- knowledge retrieval,
- analysis, and
- knowledge use.
Marzano's cognitive system is similar to the six levels of Bloom and Anderson. In knowledge retrieval (cf. Remembering and Understanding) the child needs to be able to identify and put a name to new information; for example, the topic might be mammals and the names of different types of big cat, such as tiger, lion, cheetah and so on. Facts about mammals will involve statements and generalizations using the simple present tense, such as:
- mammals have a covering of fur, hair, or skin,
- mammals give birth to live young,
- mammals are warm -blooded,
- mammals feed their young with milk from the mother,
- tigers have stripes but cheetahs and leopards have spots, etc.
- tigers can swim
These language functions can be linked to all four basic language skills using activities based on oracy (speaking and listening) and literacy tasks (reading and writing). For example, learners can listen to descriptions of animals and choose the correct picture, use a tick chart to listen to comparisons of big cats and then use this as a speaking frame to produce simple sentences. Learners might read simple descriptions of big cats and transfer key information onto a chart, then use this chart to write simple sentences. This basic knowledge can be extended to compare and classify types of big cat in different ways according to features such as habitat, characteristics, appearance etc.
Under comprehension the learners sort out which information is important or relevant for a task and ignore other information. Graphic organizers such as charts, grids, Venn diagrams and flow charts are especially important here for learners as they organize information in a way that reduces the language load. Thus they help the learner to focus on the key language and thinking required.
In analysis the learners need to draw on more complex thinking processes - matching, classifying, generalizing and specifying - in order to create and invent new insights or new ways of using learned information. These skills are likely to be highlighted when carrying out investigations. Knowledge use is the highest form of thinking process under Marzano's system and is used particularly in the creation of investigations, projects and web quests, where application and the creation of new ideas are particularly useful.
These attempts to analyze and classify thinking processes move from a foundation of simpler, lower order skills to more complex higher order skills. However, there is still no consensus about the exact number of skills or levels, the interaction between them nor is it easy to analyse the level of difficulty of a particular task or the precise thinking skills required. All we can do for now is draw on insights that have been made and see which ones seem to fit in with our views. The next article focuses on process skills and data-handling, referring particularly to the use of graphic organizers to record and interpret data. The importance and benefits of graphic organizers for both learners and teachers will be described and how teachers can plan for them. Different types of organizer will be outlined and one type called glyphs will be illustrated in some detail.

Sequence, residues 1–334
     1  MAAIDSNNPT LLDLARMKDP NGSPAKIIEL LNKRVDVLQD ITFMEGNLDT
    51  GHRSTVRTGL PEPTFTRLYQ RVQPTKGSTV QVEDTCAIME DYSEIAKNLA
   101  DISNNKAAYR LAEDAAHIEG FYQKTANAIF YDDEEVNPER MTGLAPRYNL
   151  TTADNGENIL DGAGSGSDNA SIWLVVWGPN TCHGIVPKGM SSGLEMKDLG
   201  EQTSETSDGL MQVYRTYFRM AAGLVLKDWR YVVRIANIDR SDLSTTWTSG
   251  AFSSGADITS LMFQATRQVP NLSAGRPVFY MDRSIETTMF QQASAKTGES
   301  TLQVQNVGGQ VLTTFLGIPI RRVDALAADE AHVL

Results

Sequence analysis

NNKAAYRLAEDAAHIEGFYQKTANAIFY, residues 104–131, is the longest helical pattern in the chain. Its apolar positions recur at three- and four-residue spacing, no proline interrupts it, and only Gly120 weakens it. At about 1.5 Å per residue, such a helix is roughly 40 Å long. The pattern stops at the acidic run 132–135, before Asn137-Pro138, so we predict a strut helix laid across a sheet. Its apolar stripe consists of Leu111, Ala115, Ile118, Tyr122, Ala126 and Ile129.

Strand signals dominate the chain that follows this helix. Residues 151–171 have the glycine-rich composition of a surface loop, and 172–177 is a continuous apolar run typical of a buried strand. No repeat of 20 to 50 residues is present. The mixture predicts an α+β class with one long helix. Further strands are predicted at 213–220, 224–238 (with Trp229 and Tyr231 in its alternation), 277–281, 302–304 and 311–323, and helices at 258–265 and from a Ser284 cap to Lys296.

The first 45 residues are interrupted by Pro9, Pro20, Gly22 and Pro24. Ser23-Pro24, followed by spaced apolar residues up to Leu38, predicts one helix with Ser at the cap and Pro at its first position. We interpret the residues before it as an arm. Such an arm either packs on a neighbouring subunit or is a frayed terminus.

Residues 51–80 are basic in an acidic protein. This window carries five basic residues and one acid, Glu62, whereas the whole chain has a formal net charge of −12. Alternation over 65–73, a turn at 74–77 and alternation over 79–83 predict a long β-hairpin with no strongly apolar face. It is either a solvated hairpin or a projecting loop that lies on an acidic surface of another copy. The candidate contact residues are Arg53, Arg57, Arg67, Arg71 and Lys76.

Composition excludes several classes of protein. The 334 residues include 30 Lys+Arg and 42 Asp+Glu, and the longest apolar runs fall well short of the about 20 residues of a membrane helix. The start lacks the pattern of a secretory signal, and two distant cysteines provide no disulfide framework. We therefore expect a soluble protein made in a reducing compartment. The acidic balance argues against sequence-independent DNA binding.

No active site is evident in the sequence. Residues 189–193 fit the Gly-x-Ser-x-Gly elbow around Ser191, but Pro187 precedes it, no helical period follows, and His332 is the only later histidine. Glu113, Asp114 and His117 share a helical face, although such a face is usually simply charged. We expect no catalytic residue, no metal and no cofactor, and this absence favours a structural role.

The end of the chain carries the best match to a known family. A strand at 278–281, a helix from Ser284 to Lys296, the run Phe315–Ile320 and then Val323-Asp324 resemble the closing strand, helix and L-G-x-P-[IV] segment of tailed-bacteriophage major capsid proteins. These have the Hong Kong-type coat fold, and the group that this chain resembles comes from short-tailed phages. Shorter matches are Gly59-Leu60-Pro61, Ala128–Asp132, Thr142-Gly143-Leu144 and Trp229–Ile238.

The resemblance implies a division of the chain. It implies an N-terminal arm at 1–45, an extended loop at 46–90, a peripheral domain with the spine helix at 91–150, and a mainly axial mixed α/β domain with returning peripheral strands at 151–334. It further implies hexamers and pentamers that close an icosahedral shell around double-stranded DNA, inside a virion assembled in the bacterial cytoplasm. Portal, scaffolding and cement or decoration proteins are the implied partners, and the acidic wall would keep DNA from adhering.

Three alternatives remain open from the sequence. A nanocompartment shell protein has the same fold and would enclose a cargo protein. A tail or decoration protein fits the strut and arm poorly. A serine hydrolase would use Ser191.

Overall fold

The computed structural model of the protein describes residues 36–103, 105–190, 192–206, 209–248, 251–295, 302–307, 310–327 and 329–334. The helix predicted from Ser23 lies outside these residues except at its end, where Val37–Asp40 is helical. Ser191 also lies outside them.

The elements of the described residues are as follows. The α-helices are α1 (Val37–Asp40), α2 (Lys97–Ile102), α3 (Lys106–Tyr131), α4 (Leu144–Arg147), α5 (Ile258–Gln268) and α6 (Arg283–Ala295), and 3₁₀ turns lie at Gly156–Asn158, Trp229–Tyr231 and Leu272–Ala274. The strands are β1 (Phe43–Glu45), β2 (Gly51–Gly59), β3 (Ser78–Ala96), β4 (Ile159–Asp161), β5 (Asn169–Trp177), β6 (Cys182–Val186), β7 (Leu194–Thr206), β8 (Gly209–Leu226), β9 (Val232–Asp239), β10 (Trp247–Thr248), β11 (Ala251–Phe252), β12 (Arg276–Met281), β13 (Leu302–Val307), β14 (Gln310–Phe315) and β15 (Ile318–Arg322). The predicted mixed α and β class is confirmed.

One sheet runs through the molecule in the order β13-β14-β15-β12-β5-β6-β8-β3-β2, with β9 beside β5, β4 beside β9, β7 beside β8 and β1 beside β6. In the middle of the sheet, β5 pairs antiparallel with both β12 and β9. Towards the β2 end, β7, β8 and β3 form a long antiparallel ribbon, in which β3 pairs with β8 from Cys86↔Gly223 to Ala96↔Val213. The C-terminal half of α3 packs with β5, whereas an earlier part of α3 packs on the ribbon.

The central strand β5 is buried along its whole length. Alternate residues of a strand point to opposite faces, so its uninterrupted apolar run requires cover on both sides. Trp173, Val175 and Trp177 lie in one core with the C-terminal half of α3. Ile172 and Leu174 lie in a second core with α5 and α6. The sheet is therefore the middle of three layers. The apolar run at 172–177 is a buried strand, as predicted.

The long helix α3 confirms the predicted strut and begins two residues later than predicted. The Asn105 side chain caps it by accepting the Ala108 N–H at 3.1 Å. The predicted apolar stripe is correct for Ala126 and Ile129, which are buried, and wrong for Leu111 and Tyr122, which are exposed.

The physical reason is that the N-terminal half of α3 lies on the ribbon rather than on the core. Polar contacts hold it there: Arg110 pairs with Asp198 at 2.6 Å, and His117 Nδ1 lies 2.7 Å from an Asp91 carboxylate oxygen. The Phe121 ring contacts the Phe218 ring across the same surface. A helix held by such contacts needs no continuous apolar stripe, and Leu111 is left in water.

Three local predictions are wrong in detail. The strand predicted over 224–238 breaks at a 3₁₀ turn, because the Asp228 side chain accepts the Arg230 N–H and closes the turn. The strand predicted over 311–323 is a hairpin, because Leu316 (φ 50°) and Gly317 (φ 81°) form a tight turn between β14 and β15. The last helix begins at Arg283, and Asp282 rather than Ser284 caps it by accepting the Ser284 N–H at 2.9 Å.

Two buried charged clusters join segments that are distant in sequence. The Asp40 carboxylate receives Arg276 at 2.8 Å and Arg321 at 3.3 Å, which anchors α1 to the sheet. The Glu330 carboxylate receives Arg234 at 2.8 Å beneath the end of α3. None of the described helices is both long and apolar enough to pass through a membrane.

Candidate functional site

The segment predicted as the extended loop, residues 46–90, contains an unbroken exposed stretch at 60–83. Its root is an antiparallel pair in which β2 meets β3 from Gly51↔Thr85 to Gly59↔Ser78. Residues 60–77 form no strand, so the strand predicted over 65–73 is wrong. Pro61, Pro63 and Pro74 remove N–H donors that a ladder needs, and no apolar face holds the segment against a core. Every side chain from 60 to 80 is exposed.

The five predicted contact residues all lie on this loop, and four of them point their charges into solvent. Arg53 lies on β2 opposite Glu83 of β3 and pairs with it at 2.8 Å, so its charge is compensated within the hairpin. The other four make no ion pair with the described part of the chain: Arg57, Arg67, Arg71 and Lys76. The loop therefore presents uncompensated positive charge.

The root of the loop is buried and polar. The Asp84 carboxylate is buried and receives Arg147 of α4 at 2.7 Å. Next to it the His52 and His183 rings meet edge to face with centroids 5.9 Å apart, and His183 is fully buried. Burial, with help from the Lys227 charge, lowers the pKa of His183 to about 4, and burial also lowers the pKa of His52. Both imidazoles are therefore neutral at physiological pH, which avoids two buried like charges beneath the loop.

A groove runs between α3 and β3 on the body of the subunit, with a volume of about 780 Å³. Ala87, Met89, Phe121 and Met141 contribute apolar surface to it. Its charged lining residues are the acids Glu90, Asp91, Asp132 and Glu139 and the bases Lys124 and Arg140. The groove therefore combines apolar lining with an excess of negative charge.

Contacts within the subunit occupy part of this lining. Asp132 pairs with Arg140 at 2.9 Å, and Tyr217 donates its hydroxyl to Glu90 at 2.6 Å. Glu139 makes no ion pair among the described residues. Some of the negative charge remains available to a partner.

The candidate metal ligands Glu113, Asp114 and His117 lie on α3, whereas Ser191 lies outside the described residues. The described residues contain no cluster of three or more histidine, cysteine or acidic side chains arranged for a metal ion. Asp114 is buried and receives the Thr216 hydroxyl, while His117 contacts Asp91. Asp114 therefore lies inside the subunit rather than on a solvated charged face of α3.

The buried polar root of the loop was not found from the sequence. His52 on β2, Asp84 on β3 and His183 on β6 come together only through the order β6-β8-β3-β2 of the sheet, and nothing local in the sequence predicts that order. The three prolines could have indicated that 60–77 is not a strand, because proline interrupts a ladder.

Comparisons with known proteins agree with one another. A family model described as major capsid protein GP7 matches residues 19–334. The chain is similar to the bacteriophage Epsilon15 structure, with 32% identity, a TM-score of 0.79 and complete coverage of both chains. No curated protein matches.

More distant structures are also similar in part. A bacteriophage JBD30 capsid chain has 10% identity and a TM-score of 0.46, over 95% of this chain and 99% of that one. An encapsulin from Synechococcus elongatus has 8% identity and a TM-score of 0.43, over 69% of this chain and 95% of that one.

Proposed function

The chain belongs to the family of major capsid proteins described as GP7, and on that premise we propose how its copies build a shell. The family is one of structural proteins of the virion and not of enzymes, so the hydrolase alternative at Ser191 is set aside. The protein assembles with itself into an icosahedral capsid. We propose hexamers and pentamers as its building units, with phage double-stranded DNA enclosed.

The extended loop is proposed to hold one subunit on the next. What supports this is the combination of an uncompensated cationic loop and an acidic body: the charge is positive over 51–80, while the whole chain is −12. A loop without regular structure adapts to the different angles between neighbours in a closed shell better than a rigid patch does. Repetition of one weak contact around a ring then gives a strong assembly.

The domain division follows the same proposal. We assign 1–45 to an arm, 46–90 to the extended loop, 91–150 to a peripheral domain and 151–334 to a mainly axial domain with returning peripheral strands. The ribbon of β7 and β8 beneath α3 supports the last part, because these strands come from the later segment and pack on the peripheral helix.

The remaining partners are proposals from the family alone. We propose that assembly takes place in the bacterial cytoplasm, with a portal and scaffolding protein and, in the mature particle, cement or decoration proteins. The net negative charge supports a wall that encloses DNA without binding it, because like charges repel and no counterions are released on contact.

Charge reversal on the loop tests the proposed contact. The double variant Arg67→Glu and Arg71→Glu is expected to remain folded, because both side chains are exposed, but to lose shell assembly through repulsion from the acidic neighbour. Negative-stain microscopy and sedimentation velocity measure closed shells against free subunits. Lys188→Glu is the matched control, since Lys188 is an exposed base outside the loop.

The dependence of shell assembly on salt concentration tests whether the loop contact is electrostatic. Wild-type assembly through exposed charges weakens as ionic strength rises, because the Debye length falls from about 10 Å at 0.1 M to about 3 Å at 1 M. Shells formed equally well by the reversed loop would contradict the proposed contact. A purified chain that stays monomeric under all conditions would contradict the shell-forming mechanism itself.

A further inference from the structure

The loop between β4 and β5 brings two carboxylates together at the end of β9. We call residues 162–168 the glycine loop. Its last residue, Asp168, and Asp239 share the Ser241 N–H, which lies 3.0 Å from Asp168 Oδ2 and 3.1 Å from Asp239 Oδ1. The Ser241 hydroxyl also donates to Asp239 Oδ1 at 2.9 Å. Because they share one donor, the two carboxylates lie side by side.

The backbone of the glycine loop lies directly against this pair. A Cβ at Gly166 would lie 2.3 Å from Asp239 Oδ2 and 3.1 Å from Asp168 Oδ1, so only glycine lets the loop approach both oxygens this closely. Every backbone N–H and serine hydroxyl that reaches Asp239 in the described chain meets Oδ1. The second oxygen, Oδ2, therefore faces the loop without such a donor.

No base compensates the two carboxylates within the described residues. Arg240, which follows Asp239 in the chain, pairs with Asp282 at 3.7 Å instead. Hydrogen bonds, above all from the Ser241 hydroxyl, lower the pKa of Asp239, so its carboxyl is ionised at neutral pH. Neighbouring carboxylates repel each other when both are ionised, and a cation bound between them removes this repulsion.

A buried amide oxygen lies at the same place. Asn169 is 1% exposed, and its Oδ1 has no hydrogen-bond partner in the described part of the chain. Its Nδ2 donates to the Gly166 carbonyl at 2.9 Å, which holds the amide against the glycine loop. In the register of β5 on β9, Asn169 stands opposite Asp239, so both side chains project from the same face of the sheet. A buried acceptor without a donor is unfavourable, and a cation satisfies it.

Anderson, L.W. and D. Krathwohl (eds.) (2001). A Taxonomy for Learning, Teaching and Assessing: a Revision of Bloom's Educational Objectives.Longman. New York.
Biber, D. (1986). 'Spoken and written textual dimensions in English: Resolving the contradictory findings.' Language 62, 384-414.
Corson, D. (1995). Using English words. New York: Kluwer.
Cummins, J. (1979). 'Cognitive/academic language proficiency, linguistic interdependence, the optimum age question and some other matters.' Working Papers on Bilingualism. 19, 121-129.
Harlen, W. And A. Qualter, (2007). The Teaching of Science in Primary Schools.3rd edn. Abingdon, Oxon: Routledge.
Marzano, R. J. (2000). Designing a new taxonomy of educational objectives. Thousand Oaks, CA.: Corwin Press.